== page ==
The same week that a former Microsoft exec who likes to tear apart scientific studies accused NASA of inaccurate modeling regarding asteroid size, a new model by NASA scientists suggest that an angry young sun about 70% as bright as it now may have thrown out enough solar flares that it made life on Earth possible about 3.8 billion years ago.
Solar Flares could explain the “faint young sun paradox”
That paradox has caused researchers pause as a the Earth would have largely been covered in ice with the sun only shining on us at 70% its current brightness and heat. So how was there enough liquid water and warmth to encourage life?
The scientists, in a report published Monday in the journal Nature Geoscience, posit that the sun’s volatility in the form of solar flares may explain the paradox and could help narrow our search for life on other planets.
“Since birth, stars, like babies, undergo evolutionary emotional changes,” said lead author Vladimir Airapetian of NASA’s Goddard Space Flight Center recently told the Christian Science Monitor.
The doctor then, sticking with his baby metaphor, essentially said that younger kids are more prone to tantrums comparing these fits to the solar flares from the sun.
“Eventually they slow down in their emotions,” Airapetian says. “So today our sun is a pretty emotionally stable star.”
The scientists’ model suggest that an active sun would have battered the magnetosphere, allowing charged particles from the solar plasma to ultimately start “sneaking” into the Earth’s atmosphere. Once those particles came in contact with what was an atmosphere largely made of nitrogen causing it would have split atoms that could then bond to form to nitrous oxide which is a strong greenhouse gas.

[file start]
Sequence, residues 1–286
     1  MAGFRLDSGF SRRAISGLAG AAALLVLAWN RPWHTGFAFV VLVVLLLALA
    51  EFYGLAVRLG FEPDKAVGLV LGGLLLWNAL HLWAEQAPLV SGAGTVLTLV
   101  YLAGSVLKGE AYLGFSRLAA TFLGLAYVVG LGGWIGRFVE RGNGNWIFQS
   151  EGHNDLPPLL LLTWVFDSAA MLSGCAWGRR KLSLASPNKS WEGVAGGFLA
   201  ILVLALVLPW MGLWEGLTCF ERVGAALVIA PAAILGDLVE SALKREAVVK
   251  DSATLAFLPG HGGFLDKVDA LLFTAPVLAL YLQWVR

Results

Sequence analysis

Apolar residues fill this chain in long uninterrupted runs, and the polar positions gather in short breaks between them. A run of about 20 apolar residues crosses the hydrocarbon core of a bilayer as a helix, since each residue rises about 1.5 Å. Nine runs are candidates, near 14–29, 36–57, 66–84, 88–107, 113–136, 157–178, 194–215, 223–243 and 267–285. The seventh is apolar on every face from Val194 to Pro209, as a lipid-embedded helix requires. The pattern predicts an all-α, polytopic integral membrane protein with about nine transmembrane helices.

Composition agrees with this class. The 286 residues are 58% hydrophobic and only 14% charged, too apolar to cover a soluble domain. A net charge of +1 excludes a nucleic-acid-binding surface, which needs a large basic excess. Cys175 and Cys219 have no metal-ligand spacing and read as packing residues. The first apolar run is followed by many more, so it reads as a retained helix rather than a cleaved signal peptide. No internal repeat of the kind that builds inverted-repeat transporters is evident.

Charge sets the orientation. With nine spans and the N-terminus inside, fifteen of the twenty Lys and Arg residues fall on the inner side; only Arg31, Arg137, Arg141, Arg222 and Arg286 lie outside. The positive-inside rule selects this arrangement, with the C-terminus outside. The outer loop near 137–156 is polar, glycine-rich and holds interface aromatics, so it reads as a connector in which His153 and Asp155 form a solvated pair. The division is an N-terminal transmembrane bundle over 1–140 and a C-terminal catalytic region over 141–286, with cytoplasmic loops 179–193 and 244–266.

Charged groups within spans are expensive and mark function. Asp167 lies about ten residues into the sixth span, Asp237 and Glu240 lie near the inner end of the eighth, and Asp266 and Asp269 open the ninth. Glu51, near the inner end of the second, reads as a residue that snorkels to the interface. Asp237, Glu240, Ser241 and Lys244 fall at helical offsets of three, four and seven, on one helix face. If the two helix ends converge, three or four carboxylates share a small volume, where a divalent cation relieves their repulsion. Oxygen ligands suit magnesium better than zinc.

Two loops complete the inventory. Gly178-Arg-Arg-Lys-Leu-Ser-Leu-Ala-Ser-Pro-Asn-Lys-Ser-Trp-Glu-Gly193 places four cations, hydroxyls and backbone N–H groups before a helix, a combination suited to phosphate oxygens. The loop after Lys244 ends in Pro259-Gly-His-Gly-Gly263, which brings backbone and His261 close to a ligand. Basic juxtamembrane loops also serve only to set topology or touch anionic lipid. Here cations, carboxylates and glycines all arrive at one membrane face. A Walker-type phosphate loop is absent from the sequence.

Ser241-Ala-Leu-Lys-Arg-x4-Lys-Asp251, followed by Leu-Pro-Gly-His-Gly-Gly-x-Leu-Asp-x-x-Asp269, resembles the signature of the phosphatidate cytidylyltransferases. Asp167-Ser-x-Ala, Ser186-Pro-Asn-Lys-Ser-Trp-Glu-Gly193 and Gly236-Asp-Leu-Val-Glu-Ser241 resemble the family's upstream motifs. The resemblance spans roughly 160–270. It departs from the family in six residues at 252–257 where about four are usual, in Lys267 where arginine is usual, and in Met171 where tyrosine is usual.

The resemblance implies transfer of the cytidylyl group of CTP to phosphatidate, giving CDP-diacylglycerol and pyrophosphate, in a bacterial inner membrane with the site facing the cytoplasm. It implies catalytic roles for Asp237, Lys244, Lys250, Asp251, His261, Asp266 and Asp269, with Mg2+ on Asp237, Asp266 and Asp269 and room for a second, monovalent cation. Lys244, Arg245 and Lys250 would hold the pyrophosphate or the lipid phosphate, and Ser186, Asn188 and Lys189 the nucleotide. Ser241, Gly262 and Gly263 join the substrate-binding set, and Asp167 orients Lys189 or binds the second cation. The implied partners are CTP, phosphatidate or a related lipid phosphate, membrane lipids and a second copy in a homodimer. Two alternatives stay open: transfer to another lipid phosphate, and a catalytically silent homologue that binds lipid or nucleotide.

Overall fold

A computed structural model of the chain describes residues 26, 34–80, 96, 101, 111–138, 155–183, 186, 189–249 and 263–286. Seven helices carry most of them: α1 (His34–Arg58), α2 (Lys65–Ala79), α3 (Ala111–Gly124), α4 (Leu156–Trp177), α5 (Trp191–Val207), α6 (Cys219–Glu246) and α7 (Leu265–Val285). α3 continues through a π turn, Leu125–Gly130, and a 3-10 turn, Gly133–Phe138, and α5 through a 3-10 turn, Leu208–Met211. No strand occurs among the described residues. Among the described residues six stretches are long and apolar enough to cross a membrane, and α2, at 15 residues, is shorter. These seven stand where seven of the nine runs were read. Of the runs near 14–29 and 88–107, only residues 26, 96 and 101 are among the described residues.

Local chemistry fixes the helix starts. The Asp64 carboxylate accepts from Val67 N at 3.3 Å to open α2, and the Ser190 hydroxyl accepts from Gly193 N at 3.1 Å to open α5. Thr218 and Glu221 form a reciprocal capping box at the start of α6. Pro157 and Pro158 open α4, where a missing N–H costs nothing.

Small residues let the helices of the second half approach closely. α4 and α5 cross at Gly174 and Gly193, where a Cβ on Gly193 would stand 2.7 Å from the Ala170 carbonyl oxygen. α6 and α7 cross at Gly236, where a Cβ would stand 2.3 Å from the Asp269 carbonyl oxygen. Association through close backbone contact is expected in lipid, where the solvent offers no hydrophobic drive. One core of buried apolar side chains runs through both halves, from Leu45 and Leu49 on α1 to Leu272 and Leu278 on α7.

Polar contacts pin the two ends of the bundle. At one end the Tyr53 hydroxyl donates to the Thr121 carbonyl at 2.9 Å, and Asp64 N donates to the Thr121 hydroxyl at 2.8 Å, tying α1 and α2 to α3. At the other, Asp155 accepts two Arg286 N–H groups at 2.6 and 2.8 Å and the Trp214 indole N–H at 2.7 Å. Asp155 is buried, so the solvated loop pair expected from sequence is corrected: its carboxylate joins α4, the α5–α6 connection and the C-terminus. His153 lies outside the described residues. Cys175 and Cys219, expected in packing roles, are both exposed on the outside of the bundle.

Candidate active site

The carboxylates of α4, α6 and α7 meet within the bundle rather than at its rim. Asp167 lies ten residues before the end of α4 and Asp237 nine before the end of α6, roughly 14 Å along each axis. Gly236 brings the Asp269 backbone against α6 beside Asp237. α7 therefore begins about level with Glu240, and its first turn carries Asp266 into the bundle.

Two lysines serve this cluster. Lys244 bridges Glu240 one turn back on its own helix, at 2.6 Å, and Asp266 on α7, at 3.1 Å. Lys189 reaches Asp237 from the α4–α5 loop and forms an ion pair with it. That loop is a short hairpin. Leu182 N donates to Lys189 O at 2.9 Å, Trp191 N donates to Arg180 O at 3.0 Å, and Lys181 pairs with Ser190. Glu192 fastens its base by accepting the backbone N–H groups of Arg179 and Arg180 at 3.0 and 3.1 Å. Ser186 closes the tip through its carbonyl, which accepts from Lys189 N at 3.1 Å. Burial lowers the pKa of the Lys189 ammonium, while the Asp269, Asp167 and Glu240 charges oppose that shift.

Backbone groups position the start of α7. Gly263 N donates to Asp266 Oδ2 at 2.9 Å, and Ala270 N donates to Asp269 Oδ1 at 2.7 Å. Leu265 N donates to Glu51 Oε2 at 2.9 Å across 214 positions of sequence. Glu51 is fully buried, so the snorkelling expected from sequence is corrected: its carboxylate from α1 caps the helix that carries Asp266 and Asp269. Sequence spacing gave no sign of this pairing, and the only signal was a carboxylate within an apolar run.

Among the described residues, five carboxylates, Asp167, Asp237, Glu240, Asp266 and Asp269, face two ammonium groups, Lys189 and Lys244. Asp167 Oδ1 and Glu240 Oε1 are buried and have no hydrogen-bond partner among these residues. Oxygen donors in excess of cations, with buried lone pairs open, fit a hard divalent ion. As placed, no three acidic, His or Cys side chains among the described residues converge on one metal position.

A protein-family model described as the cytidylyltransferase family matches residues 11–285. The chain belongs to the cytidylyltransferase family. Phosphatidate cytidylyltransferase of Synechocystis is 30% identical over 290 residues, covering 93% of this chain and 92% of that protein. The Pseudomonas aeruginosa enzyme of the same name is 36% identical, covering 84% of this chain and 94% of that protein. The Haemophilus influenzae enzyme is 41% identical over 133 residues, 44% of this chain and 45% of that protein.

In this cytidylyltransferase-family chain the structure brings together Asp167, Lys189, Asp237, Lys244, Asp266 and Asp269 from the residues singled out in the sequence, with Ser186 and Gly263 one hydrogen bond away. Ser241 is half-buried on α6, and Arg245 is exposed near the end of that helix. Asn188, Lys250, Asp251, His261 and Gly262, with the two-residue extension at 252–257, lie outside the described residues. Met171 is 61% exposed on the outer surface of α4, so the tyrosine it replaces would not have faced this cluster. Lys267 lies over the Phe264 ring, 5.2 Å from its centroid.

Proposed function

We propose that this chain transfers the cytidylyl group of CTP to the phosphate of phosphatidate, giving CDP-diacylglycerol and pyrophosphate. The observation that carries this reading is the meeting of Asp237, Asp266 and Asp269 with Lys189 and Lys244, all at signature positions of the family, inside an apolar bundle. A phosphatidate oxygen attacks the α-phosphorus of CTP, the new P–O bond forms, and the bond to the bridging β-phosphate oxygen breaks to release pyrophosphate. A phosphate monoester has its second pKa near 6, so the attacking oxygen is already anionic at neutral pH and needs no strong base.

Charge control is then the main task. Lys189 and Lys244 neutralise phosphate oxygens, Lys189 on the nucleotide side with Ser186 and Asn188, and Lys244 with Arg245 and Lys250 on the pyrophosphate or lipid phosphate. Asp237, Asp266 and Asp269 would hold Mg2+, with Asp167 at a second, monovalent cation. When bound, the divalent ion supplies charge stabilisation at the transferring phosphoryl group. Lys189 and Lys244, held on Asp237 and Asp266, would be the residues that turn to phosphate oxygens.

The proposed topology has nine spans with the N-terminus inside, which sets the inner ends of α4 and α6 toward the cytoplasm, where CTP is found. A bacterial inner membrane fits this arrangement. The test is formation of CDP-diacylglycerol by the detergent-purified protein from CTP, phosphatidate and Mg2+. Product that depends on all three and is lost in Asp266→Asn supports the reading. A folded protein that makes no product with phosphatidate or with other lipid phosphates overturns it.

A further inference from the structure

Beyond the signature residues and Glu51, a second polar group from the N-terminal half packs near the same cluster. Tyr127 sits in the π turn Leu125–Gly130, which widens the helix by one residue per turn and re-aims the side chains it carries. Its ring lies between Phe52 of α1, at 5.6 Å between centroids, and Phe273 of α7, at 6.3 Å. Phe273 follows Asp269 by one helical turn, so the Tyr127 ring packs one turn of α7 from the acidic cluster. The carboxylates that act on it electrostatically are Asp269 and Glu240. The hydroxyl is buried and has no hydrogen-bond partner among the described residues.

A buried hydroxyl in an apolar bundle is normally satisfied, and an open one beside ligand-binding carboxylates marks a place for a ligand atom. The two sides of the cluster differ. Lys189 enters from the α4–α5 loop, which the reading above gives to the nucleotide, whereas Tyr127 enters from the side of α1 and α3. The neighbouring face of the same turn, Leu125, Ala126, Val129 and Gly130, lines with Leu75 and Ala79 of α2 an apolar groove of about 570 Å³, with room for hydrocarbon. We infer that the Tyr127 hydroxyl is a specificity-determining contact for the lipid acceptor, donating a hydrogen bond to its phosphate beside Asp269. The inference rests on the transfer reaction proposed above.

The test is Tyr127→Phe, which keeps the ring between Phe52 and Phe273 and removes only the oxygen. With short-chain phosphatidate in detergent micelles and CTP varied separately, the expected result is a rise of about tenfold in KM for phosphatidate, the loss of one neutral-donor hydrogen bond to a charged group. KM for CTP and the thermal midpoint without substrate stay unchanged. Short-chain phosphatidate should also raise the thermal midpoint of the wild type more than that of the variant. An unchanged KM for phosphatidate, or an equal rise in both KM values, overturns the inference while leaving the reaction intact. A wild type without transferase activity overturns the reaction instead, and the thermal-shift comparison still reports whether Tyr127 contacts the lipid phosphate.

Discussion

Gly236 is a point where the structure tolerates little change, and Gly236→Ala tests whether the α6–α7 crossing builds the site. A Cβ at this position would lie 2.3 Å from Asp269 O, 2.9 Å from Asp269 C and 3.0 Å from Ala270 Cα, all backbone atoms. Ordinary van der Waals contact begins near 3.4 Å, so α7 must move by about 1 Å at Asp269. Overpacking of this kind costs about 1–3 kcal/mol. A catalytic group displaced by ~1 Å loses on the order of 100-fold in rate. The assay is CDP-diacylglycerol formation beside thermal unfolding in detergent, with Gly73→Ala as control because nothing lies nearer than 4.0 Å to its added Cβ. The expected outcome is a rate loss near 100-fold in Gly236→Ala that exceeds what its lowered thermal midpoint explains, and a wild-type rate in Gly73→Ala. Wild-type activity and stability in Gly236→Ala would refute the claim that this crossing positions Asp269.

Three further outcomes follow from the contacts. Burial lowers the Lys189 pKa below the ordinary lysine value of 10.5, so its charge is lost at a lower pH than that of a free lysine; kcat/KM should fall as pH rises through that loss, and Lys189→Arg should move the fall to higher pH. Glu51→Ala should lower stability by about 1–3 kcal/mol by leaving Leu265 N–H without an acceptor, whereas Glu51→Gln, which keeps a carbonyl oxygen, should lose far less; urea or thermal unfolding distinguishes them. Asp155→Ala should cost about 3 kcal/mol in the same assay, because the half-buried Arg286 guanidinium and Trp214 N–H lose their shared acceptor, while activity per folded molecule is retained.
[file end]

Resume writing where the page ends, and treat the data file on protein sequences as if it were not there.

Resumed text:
Consequently, any large amount of nitrous oxide would trap heat warming the Earth’s surface sufficiently to support liquid water necessary for life.
Additional needs for life include HCN
The model also suggests that hydrogen cyanide could have been produced which many believe to have preceded nucleic acids as well as amino acids.
But not unlike the aforementioned Microsoft executive who took issue with NASA this week. Not everyone, however, is buying into the theory and model including James Kasting, a geoscientist at Pennsylvania State University who told the Christian Science Monitor that “I don’t think their mechanism could work even under the most favorable assumptions.”
He just doesn’t think enough nitrous oxide would have been made to sufficiently warm the Earth as the authors of the piece do. Speaking to the sun paradox Kasting said,
“We argue about what the details of the solution are. There are plausible solutions for the faint young sun problem, but it’s very difficult to prove that any one of them is actually correct.”
That said, Airapetian is sticking by his model and believes that he’s explained how the Earth could have warmed sufficiently to give the planet the foundation to later support life.
Shifting away from Earth a bit, the author suggests that by knowing how our planet came to support life would allow us to find planets with similar prebiotic conditions.
“My ultimate goal is to find a planet like Earth in the process of making life,” Airapetian says. “I call it pregnant Earth 2.0.”
Theories are only theories and now we have another about life on Earth.